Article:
INVERKIP AAOR serving 3 Group 77 Brigade, the Clyde Anchorage gun defended area (GDA). The bunker is of the standard AAOR design, both entrances being on the upper storey which is above ground, the lower storey being below ground. The bunker is located within a fenced compound in a wooded area on the south side of an unmade track to The Langhouse Hotel at NS215720. Several years ago the building was severely damaged by fire and as a result of the fire brigade putting the fire out and some seepage the lower floor is now flooded to a depth of 15”.
All the walls are covered in thick soot. The seat of the fire appears to have been the balcony which is badly damaged. All the curved Perspex windows have gone and most of the timber is badly burnt. Strangely the fire doesn’t seem to have migrated downwards and the wooden stairway directly from the balcony into the well is only slightly singed and is perfectly usable. Most of the rooms on this level have been stripped out but the guard room immediately inside the front entrance retains an intercom unit and a rifle rack. Next to it is the kitchen with a cooker, sink and draining board and along one side is a room with a large blackboard mounted on one wall with the following painted column headings: Port or assembly anchorage, ‘Ships in port’ (with sub headings: ‘Ready to sail in next 24 hours’, ‘Requiring Bunkers’ [ships awaiting fueling], ‘Total’, ‘Expected arrivals in next 24 hours’ and ‘Remarks’. Another board in the same room is headed ‘Main plot’ These boards refer to the buildings later use as a naval control centre under the name HMS Dalriada. When it was no longer required as an AAOR it was handed over to the Navy, remaining in use at least until the mid 1970’s. The toilets, with most appliances smashed are also on this level with an other board lying on the floor with two columns: ‘Ships at Sea’ and ‘Ships in Port’.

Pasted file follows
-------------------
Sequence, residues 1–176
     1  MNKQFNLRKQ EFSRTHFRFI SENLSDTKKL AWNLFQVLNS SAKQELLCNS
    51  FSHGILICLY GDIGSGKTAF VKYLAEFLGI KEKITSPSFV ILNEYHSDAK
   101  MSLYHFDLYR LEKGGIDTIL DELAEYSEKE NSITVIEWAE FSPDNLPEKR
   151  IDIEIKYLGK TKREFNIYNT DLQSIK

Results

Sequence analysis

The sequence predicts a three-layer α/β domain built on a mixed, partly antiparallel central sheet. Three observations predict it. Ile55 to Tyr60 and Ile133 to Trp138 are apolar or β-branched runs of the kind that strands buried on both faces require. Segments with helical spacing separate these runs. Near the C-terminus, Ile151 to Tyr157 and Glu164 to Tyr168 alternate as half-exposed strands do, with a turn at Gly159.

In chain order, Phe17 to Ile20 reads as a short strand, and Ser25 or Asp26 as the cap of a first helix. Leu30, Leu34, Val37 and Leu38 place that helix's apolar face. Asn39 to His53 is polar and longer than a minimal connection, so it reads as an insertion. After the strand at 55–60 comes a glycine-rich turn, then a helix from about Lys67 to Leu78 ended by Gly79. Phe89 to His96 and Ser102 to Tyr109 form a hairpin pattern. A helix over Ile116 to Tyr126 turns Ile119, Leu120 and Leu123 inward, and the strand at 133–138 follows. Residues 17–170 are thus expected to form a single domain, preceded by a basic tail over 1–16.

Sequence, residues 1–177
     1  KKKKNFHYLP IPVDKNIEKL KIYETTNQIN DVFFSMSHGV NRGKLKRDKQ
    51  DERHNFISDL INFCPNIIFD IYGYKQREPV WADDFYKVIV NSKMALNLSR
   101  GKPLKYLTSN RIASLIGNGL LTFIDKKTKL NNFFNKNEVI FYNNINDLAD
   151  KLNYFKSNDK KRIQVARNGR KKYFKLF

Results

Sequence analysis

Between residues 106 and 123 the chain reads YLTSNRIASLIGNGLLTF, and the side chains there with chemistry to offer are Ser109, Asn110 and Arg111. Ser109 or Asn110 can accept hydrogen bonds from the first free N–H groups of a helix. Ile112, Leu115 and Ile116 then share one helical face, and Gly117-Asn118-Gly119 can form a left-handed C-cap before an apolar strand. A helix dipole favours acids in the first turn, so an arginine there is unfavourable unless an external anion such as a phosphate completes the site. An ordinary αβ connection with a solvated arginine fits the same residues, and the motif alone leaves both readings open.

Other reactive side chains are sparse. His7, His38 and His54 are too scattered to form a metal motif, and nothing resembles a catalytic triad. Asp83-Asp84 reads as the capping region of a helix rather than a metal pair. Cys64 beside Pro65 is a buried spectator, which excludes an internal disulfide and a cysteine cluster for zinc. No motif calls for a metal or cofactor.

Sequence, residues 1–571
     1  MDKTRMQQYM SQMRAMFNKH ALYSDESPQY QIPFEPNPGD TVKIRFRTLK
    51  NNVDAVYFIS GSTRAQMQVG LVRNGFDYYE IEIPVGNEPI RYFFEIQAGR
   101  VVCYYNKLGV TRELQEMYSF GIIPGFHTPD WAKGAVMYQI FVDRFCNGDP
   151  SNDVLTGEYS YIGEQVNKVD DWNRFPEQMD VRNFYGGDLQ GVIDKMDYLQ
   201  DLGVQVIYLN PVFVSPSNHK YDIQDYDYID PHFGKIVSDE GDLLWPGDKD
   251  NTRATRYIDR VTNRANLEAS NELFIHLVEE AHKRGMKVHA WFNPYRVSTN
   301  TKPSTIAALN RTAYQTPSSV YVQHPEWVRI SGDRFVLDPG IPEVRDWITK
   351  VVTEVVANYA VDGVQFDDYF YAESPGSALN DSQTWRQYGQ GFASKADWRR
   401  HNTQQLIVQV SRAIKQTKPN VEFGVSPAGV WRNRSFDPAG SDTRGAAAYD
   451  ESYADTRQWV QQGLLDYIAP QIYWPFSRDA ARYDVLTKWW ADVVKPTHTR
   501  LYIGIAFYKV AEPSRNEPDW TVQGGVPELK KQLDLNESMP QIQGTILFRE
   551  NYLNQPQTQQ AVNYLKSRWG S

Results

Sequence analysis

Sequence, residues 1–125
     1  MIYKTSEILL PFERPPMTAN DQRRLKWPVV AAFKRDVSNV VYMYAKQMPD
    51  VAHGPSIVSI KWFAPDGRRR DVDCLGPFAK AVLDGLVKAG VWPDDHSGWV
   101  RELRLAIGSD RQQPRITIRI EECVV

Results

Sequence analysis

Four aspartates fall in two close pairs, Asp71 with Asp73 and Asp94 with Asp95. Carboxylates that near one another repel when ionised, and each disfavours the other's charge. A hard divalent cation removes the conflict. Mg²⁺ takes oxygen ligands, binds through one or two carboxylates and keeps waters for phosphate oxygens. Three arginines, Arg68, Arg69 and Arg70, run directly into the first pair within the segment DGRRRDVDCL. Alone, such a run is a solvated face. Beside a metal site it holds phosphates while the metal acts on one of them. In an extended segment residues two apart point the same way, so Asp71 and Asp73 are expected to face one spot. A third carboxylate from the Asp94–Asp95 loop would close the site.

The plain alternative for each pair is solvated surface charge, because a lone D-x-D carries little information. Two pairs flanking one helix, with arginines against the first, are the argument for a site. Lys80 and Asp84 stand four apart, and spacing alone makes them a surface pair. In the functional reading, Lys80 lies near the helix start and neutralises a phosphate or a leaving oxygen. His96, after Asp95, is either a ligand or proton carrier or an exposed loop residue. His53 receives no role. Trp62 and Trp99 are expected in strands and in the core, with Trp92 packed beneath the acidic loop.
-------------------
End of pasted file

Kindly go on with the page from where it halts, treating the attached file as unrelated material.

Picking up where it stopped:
The lower level of the bunker is mainly undamaged by the fire although there is soot on the walls in places. One of the rooms contains one of the original plotting tables with its Perspex map screen broken into several pieces. It is still possible to make out some of the wording on it. On the wall there is a large board headed ‘Aircraft State’ it has the following columns: ‘Type’, ‘Where’, ’S/US’, ‘Due S’ and ‘Remarks’. This may be from the buildings earlier use as an AAOR.
The most interesting room on this level is the communications room which has a long table along one wall with compartments underneath it and a wooden framework above it with more compartments. There is a separate teleprinter table with its teleprinter intact and on the far side of the room is a large floor standing electrical cabinet full of relays and transformers etc. In a small adjacent room is a large GPO switching frame. There is another smaller communication room nearby with acoustic booths along both walls. Other rooms on this level include the boiler room, ventilation plant room and standby generator room which all have their plant still in situ although partially under water.
When visited in 2001 access was possible through a hole in the bricked up rear entrance porch. Steel sheets have now been welded over both entrance doorways and entry into the building is no longer possible.
Those taking part in the visit were Nick Catford and Robin Ware.